Dingle Trifecta, Part 6

Dingle Trifecta, Part 6

Golf at Cheann Sibéal

March 7 – 15, 2003


1: Trip begins despite war clouds

5: Slea Head Drive

2: Memphis to Detroit-Boston-Shannon

6: Golf at Cheann Sibéal

3: Dingle and Ballydavid

7: Dingle's ancient ruins

4: More Dingle and Ballydavid

8: Bunratty and home

Photo Album


By Lewis Nolan

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Wednesday, March 12, 2003 – Golf at Cheann Sibéal


Following yet another sparing but delicious breakfast of Irish bacon with a bit of toast and a Diet Coke, I stopped by the hotel lobby to pick up my voucher for 18 holes of golf at Cheann Sibéal, also known as Dingle Links and sometimes spelled Ceann Sibéal. The price was an amazingly low €22 Euros after the 50 percent discount the hotel arranges for its guests. A course of this quality and fabulous view of the Atlantic breakers crashing against Clogher Head would charge a lot more. In America, golfers would line up for the chance to pay it.


Word about the beauty and charm of Dingle must be getting around. Local real estate prices have ascended steeply since Ireland became a member of the European Union and adopted the Euro as its currency. With that came a flood of government funds available for infrastructure improvement and a surge in tourism. A young manager at the Skellig said a building lot with a view of the sea now goes for €100,000-to-€150,000 Euros. Nice, new houses around the fringe of town sell for €250,000-to-€275,000.  But smaller houses without a view can still be had for €80,000.


Cheann Sibéal offers visitors and a cadre of regular locals a traditional links layout, with no trees. Details on the layout and hole-by-hole advice are in an appendix at the end of this section. The club’s website is www.dingle-golf.com. Email is dinglegc@iol.ie.


The wind is slight by Irish standards on this day and the sky is mostly sunny, with a high of 52 in the forecast. A great day on a great
Lewis at Cheann Sibeal Golf Course
Click Colored Type to Enlarge Photo
course lies ahead. I was greeted on the first tee at 11:30 a.m. by John Slye, the affable club captain. He was pleased to hear that I was visiting from Memphis for the third time and apologized for not being able to play a few holes with me to keep me company. He had to tend to a small group of slow-playing beginners, high school students he had allowed on the course. I quite understood his priorities and was glad to go solo.


There were only a few spots on the course where I was delayed by groups ahead. One twosome, a couple from Cork I later learned were staying at the Skellig, waved me through. As is often the case when extended such courtesy, I hurried my shot and suffered the penalty. They graciously pretended not to notice. Love the Irish!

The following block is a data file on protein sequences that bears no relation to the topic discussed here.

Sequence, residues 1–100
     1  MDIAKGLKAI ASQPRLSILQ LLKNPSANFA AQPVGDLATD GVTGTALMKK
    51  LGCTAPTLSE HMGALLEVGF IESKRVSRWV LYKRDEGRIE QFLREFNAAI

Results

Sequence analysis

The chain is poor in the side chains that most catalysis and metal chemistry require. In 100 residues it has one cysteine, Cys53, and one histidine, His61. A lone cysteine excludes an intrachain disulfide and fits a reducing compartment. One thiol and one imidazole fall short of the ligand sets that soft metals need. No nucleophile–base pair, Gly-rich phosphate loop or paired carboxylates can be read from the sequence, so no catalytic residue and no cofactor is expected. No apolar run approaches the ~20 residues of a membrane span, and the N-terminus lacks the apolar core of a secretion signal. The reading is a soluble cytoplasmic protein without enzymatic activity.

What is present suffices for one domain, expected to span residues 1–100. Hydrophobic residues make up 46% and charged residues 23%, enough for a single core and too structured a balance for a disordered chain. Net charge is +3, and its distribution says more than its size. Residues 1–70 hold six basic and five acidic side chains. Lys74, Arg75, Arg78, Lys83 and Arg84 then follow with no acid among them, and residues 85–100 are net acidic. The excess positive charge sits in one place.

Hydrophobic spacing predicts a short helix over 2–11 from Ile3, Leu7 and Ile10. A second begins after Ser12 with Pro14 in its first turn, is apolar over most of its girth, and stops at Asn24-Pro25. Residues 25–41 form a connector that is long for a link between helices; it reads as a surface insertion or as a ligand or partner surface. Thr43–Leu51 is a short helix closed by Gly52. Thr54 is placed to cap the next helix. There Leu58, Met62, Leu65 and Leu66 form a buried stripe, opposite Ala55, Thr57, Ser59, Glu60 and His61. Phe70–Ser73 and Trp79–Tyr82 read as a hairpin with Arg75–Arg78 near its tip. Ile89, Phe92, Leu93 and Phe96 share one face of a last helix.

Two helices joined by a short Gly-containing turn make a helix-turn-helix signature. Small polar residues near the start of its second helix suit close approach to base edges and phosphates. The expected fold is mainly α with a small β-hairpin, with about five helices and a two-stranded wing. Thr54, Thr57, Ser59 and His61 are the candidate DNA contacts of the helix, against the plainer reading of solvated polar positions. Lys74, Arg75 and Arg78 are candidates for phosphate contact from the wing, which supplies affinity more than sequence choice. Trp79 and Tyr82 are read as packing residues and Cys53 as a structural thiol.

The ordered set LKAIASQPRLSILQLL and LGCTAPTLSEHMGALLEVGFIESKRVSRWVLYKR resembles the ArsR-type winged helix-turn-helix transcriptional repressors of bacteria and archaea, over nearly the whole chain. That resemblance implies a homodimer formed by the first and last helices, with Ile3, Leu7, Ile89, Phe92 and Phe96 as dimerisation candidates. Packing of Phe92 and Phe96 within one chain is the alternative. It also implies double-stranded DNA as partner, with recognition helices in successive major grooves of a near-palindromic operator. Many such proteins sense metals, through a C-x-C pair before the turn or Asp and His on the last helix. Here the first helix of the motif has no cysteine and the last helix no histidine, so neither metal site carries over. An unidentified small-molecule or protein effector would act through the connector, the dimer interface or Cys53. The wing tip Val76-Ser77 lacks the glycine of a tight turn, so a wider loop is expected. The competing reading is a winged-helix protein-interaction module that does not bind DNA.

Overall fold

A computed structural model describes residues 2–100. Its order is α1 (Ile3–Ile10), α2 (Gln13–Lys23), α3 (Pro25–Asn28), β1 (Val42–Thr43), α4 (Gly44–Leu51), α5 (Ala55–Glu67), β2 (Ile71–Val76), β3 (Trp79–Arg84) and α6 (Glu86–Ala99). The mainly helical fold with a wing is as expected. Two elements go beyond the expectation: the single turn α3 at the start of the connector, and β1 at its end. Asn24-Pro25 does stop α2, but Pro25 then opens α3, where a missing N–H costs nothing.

My game was erratic, which was not surprising since I’ve only played one full round so far this year. Besides, I carried only a half bag of clubs on this trip because of the weight and packing factors dictated by a small car. My longest club was a three metal. Others were a 7 metal; 5, 6 and 8 irons; pitching and sand wedges and a Ping Putter. I had tested various combinations over the last couple of years and found this selection to be optimum for travel under most conditions. In fact, in play back home I learned there was hardly any difference in scores between the half bag and full complement of 14 clubs.


Some shots I hit pretty well. I just hit the ball too many times on too many holes. I was well above my handicap but will say no more for reasons of security. These are perilous times.


It pleased me greatly to be able to walk 18 holes in 3 ½ hours, particularly because the course is hilly and hummocky. There are lots of bumps and lush turf that the rental pull cart (called a trolley cart here) has to be pulled over and through. Last year, when I weighed about 60 pounds more than my current, post-Atkins weight, walking 18 pushed me to the limit. It was only pride and a couple of companionable partners that kept me going after the front 9. But thanks to the success I’ve had on the low-carb diet over the last seven months, it wasn’t until the 15th hole that I got tired this trip. Importantly, I never struggled with the five-mile trek over sometimes-rough ground. Sometimes loss is gain.


The views of most of the tee boxes, fairways and greens are simply magnificent. It’s hard for a visitor to focus on the game in the face of the vistas offered by Brandon Mountain, Clogher Head, Sybil’s Point, Atlantic surf and the green, green slopes of surrounding hills. To seaward is one of the Blasket Islands known variously as “The Corpse,” “The Sleeping Monk” and “The Sleeping Giant.” Its peculiar shape gives it the names.


The wind blowing in from the ocean this afternoon was perhaps a steady

15 mph, with gusts to 20. Not bad for a links course with no tree breaks. Oddly, signs asked players to lift their ball off the fairway and hit from a free placement in the lateral rough no closer to the hole. This was early spring in Ireland and the club wanted to give the fairway grass time to heal itself from last season’s divots.


Since I often hit out of the rough anyway, the temporary rule was not a burden to me and certainly didn’t influence my score. Nonetheless, the local rule surprised me since the course doesn’t get much play from tourists at this time of year. Maybe the locals take bigger divots than do Americans. Or maybe a few of them don’t show the respect a course of this quality deserves by replacing their divots. Or maybe the absence of motorized carts (a few rentals were introduced last season but I saw none in use) equipped with sand buckets is a hindrance to divot repair.


After playing, I had a skimpy but tasty sandwich of ham and cheese, served with a slice of tomato and toasted, brown bread in the club snack bar. I learned at the pro shop that the course rents decent clubs for €20 Euros and motorized carts for €40 (one or two riders). I may opt for renting clubs on my next trip rather than go through the hassle of lugging clubs through airport security and into the tiny trunk of an econobox. The pro shop is small by U.S. club standards but is well equipped with the usual golf merchandise plus a nice array of quality sweaters, caps and shirts emblazoned with the club name.